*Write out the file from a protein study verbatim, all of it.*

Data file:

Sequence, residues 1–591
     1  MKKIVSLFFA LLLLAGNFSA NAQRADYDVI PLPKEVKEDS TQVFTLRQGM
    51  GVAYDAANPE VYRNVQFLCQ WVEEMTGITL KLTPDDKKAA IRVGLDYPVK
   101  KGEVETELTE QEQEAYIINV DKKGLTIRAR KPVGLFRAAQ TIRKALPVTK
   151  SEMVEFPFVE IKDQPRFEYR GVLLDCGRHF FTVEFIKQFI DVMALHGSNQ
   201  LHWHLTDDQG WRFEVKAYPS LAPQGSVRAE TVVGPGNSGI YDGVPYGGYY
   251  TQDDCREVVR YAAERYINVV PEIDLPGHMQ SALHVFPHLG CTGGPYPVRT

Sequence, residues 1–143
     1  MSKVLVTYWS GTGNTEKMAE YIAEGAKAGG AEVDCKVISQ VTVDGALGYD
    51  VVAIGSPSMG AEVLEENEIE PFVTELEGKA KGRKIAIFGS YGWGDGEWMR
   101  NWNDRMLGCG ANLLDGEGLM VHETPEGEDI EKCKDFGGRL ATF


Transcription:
Sequence, residues 1–591
     1  MKKIVSLFFA LLLLAGNFSA NAQRADYDVI PLPKEVKEDS TQVFTLRQGM
    51  GVAYDAANPE VYRNVQFLCQ WVEEMTGITL KLTPDDKKAA IRVGLDYPVK
   101  KGEVETELTE QEQEAYIINV DKKGLTIRAR KPVGLFRAAQ TIRKALPVTK
   151  SEMVEFPFVE IKDQPRFEYR GVLLDCGRHF FTVEFIKQFI DVMALHGSNQ
   201  LHWHLTDDQG WRFEVKAYPS LAPQGSVRAE TVVGPGNSGI YDGVPYGGYY
   251  TQDDCREVVR YAAERYINVV PEIDLPGHMQ SALHVFPHLG CTGGPYPVRT

Sequence, residues 1–143
     1  MSKVLVTYWS GTGNTEKMAE YIAEGAKAGG AEVDCKVISQ VTVDGALGYD
    51  VVAIGSPSMG AEVLEENEIE PFVTELEGKA KGRKIAIFGS YGWGDGEWMR
   101  NWNDRMLGCG ANLLDGEGLM VHETPEGEDI EKCKDFGGRL ATF